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Author: Dr Lydia Chan, Medical Registrar, Waikato Hospital, Hamilton. Chief Editor: Dr Amanda Oakley, Dermatologist, Hamilton, New Zealand, December 2014.
Progressive macular hypomelanosis is a common skin condition presenting as circular areas of pale skin (hypopigmentation) mostly located on the trunk.
Progressive macular hypomelanosis affects teenagers and adults worldwide. It is more common in people of darker skin colour that light skin colour, and may be more common in women than in men.
Progressive macular hypomelanosis mainly affects the trunk, rarely extending to the arms, legs and/or neck. There are multiple, circular, poorly defined pale and non-scaly spots that merge together.
The patches are not scaly, unlike hypopigmented pityriasis versicolor, which can also cause pale patches on the trunk. They are not preceded by inflammation, unlike postinflammatory hypopigmentation following nummular eczema or psoriasis.
The course of progressive macular hypomelanosis is reported to be variable. Some cases may resolve in 3–5 years. Others remain stable and yet others progress over decades and may then resolve in middle age.
Progressive macular hypomelanosis
The cause of progressive macular hypomelanosis is not known. The acne bacteria, Cutibacterium acnes, have been found in hair follicles of hypopigmented areas and may cause the loss of colour. However, these bacteria have not been found in all patients with progressive macular hypomelanosis. Genetic factors are also thought to be important.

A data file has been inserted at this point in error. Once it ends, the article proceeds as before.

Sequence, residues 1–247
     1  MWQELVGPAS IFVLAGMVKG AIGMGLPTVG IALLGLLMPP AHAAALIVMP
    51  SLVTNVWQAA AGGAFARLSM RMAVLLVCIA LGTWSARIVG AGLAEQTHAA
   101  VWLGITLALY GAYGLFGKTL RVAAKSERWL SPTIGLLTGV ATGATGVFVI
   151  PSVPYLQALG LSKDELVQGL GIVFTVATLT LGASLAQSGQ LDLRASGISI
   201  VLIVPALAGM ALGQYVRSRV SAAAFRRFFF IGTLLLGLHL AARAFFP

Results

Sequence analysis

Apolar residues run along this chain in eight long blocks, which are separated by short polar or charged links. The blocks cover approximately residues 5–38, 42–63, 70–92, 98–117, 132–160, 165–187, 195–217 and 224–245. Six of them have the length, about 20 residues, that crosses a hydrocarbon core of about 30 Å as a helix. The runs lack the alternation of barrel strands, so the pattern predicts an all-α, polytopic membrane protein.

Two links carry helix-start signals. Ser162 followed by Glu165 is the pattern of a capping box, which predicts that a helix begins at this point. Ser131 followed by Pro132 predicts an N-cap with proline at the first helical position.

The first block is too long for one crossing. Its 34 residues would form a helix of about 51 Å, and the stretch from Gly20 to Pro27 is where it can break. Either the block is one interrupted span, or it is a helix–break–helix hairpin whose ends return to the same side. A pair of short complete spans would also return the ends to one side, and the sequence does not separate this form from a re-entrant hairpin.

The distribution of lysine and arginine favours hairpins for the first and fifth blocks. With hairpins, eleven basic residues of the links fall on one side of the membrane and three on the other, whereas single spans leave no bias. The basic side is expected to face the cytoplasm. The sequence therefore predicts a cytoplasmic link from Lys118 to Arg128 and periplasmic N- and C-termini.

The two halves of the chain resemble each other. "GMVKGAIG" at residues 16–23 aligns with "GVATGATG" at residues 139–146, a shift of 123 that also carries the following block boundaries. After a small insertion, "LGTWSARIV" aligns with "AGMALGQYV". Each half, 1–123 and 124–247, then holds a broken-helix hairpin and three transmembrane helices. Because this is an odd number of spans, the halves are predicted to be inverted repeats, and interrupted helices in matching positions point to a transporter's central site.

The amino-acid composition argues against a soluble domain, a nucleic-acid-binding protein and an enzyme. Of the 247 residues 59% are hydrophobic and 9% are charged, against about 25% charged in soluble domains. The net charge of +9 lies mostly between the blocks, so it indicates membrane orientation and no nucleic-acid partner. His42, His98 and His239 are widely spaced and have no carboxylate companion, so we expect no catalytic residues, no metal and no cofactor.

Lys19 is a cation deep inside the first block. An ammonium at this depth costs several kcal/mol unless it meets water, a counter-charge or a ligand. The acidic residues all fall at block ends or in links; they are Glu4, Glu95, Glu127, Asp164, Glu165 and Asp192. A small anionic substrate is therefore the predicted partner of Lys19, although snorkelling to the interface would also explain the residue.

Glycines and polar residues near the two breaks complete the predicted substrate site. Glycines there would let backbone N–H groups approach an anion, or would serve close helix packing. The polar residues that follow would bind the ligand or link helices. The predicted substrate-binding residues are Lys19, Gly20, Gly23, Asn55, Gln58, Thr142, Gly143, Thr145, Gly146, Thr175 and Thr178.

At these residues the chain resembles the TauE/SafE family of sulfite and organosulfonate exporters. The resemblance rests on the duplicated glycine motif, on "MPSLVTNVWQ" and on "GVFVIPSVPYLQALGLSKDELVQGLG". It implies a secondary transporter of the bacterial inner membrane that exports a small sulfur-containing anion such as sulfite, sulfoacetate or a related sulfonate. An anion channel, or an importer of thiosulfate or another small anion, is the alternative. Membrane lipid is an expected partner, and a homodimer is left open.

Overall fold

Progressive macular hypomelanosis is usually diagnosed by clinical suspicion and supported by the presence of fluorescence on Wood light examination. The hair follicles fluoresce with a red glow, indicating they are colonised by P. acnes.
Dermoscopy shows poorly-defined white macules with faint reticular pigmentation. The macules are usually not scaly but focal scale is occasionally seen.
Microscopic examination of a skin biopsy shows a reduction in melanin in the the affected skin, with normal numbers of melanocytes (specialised cells that produce melanin). On electron microscopy of affected areas, the melanosomes (the granules that store melanin in the cell) are smaller and aggregated, compared to surrounding skin.
Treatments for progressive macular hypomelanosis include:
Isotretinoin was effective in one case report.
The condition may relapse following treatment.
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